"Mom, Dad--I want to grow up to be an EPA field-worker like Johnny Horizon!"
Such were the words probably never actually spoken in the early 1970s, when the icon of Johnny Horizon was launched by the BLM. But if any lad or lassie did utter such a wish, then they could have been placated with the Johnny Horizon Environmental Test Kit. Parker Brothers showed a little poindexter hard at work in their ads for the kit.
Ostensibly a primer in spatial awareness for kids, this drug-addled escapade is really an elaborate allegory for sexual tension. The geeky male's inability to physically connect with, mate with, or ultimately please the attractive female. Watch, and see if you don't agree.
PROVIDENCE, R.I. — A five-member team of students from Providence College has placed first in a national accounting competition.
The team came ahead of four others at the xTREME Accounting competition this month in New York City. The Providence College team is known as "The Consolidators" and includes one student from North Scituate, R.I., three from Massachusetts and one from New York.
Patrick Kelly, head of the accounting department, said the victory was like the college's basketball team winning the national championship.
The other schools competing were the University of California, Berkley; the University of Texas; the University of Washington; and Villanova University.
Providence College competed in the finals in 2009.
A would be bank-robber in Austria was foiled in his robbery attempt when the bank closed early for a staff training session. The man came equipped with a Barack Obama mask and gun but was stopped at the first hurdle when the locked door refused to open for him. Staff inside initially thought it was part of the training or a joke, and their laughter aggravated the criminal until he eventually fled empty-handed (Digital Spy).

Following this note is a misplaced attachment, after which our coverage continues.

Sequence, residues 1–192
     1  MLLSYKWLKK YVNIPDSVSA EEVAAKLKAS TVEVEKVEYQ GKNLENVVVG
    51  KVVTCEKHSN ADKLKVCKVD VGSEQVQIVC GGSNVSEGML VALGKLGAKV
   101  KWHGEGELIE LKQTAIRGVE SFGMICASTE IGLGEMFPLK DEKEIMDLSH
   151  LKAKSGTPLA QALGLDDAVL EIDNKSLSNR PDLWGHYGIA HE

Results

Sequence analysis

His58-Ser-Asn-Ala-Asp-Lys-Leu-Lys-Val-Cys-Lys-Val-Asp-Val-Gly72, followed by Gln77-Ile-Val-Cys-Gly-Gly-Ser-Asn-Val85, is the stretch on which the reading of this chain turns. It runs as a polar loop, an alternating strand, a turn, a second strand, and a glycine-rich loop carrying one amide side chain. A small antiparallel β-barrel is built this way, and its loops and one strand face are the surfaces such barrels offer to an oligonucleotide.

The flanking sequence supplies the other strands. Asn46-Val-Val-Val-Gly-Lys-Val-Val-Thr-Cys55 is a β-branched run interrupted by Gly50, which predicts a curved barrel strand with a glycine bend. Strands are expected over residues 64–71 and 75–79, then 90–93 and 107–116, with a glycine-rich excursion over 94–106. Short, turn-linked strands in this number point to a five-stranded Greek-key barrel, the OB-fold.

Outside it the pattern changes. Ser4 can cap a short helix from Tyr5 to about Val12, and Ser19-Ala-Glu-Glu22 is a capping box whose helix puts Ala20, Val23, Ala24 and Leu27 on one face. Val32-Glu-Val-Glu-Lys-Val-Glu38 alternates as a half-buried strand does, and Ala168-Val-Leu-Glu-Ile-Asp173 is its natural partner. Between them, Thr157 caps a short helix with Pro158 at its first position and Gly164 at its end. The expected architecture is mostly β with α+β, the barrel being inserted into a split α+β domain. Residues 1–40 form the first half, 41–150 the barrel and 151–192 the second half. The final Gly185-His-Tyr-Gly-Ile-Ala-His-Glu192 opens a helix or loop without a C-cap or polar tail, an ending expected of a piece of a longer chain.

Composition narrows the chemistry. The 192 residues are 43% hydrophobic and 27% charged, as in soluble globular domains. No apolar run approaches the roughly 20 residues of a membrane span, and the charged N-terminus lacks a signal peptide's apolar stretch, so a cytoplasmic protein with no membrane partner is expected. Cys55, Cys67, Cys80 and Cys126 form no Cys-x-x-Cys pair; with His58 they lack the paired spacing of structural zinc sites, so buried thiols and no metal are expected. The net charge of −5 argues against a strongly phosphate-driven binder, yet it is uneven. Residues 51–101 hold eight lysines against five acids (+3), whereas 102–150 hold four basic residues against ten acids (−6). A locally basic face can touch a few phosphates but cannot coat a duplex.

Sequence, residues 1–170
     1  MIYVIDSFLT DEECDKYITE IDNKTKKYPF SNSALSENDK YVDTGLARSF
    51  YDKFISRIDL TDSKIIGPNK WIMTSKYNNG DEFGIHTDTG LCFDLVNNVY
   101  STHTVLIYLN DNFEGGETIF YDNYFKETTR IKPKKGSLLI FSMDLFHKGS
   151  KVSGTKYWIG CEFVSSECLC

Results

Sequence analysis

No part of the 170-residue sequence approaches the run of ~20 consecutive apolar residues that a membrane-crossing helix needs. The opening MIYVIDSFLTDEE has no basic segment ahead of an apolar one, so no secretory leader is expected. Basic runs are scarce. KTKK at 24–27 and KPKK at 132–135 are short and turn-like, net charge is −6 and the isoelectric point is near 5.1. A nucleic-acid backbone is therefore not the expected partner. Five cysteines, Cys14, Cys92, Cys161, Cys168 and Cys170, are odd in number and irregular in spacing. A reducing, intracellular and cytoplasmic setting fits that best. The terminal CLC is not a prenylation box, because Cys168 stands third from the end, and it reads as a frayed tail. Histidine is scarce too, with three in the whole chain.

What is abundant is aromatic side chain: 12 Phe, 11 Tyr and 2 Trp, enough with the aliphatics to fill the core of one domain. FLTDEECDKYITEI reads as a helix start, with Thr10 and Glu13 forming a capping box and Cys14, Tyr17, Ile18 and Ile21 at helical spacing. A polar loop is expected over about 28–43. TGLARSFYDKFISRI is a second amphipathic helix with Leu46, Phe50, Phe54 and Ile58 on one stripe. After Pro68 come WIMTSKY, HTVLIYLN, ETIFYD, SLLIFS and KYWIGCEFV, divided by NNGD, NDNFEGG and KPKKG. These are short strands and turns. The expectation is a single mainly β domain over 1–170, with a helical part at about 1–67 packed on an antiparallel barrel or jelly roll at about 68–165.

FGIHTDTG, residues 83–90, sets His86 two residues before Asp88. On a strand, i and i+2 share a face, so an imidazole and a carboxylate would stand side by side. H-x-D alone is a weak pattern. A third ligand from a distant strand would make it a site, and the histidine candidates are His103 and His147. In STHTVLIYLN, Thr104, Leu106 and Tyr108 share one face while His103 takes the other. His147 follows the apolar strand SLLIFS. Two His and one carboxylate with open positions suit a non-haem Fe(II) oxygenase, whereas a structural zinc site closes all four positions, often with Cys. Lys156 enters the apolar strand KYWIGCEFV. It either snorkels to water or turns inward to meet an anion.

More successful were the thieves that managed to steal several US landmarks, including the Palace of Fine Arts, USS Pampanito and Ghirardelli Square. Models of course, part of an exhibition of Mark and Jannet Benz’s Lego creations on display at the Palo Alto Museum of American Heritage, and worth several thousand dollars. A reward of $500 has been offered by the Benzes (SF Weekly).
But if Jan and Mark are thinking of upping their home security, they should perhaps avoid following the example of Alexander Skopintsew of Primorye in Russia, who decided to deter intruders by planting homemade landmines around his garden. He was inevitably found out when a trespasser was injured when setting off one of these devices, and charged with possession of illegal weapons, receiving a suspended sentence (ABC News).
Of course another alternative might be to have nothing worth stealing. Perhaps something similar occurred to retired lorry driver Ken Strickland, who amassed a collection of over 3000 watering cans, each meticulously documented. Sadly Mr. Strickland died last month aged 78, bequeathing the entire assortment to his niece, who is at a loss as to what to do with them and may in fact sell them on behalf of a charity. One watering can however will not be up for sale, it contains her uncle's ashes (Metro).
Meanwhile hundreds of other women up and down the UK might be feeling a little let down this Monday, after British department store Debenhams recorded a 76% surge in sales of their range of “anatomy boosting” underwear for men ahead of Valentine’s day. Turn around is fair play, I say (Reuters).
Paul Di Filippo
Paul has been paid to put weird ideas into fictional form for over thirty years, in his career as a noted science fiction writer. He has recently begun blogging on many curious topics with three fellow writers at The Inferior 4+1.
Chuck is the purveyor of News of the Weird, the syndicated column which for decades has set the gold-standard for reporting on oddities and the bizarre.
Our banner was drawn by the legendary underground cartoonist Rick Altergott.